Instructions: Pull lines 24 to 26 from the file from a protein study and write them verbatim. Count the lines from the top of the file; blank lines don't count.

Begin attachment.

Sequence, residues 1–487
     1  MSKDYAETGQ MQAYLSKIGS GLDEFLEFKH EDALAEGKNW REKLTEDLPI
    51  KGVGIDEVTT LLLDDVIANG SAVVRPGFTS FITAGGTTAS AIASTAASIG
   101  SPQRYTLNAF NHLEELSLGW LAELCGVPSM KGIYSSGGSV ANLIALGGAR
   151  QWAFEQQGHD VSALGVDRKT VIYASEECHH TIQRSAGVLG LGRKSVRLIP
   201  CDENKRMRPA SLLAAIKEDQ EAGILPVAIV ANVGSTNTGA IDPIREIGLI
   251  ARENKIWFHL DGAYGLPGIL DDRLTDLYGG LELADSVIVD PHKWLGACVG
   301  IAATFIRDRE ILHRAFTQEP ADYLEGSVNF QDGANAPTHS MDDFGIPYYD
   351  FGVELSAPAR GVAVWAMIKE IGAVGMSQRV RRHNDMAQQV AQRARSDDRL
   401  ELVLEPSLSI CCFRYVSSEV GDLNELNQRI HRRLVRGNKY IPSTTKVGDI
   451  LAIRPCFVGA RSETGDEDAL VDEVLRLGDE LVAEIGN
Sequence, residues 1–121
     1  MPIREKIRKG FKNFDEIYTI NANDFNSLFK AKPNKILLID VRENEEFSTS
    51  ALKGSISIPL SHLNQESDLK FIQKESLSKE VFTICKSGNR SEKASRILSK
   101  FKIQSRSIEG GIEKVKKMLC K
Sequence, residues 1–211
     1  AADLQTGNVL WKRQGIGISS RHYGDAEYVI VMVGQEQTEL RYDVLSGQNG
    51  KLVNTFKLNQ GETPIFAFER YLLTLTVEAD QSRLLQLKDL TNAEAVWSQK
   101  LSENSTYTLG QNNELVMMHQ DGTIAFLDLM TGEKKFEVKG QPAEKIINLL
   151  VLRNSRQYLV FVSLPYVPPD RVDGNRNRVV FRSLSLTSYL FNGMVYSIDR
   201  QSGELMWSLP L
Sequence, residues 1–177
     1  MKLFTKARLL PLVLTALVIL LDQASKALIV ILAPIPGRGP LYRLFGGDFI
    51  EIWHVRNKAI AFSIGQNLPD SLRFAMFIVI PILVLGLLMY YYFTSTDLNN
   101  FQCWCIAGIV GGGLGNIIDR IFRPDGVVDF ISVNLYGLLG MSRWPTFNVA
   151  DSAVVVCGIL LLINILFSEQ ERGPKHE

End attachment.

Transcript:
    51  EIWHVRNKAI AFSIGQNLPD SLRFAMFIVI PILVLGLLMY YYFTSTDLNN
   101  FQCWCIAGIV GGGLGNIIDR IFRPDGVVDF ISVNLYGLLG MSRWPTFNVA
   151  DSAVVVCGIL LLINILFSEQ ERGPKHE